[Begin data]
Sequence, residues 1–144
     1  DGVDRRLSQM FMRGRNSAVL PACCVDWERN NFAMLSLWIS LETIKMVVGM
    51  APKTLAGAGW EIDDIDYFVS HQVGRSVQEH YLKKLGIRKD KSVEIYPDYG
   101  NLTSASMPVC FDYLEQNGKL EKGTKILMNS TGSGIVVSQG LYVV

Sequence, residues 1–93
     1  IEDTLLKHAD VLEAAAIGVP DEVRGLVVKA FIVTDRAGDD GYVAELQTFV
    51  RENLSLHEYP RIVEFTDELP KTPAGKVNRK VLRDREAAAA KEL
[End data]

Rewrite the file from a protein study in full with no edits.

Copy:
Sequence, residues 1–144
     1  DGVDRRLSQM FMRGRNSAVL PACCVDWERN NFAMLSLWIS LETIKMVVGM
    51  APKTLAGAGW EIDDIDYFVS HQVGRSVQEH YLKKLGIRKD KSVEIYPDYG
   101  NLTSASMPVC FDYLEQNGKL EKGTKILMNS TGSGIVVSQG LYVV

Sequence, residues 1–93
     1  IEDTLLKHAD VLEAAAIGVP DEVRGLVVKA FIVTDRAGDD GYVAELQTFV
    51  RENLSLHEYP RIVEFTDELP KTPAGKVNRK VLRDREAAAA KEL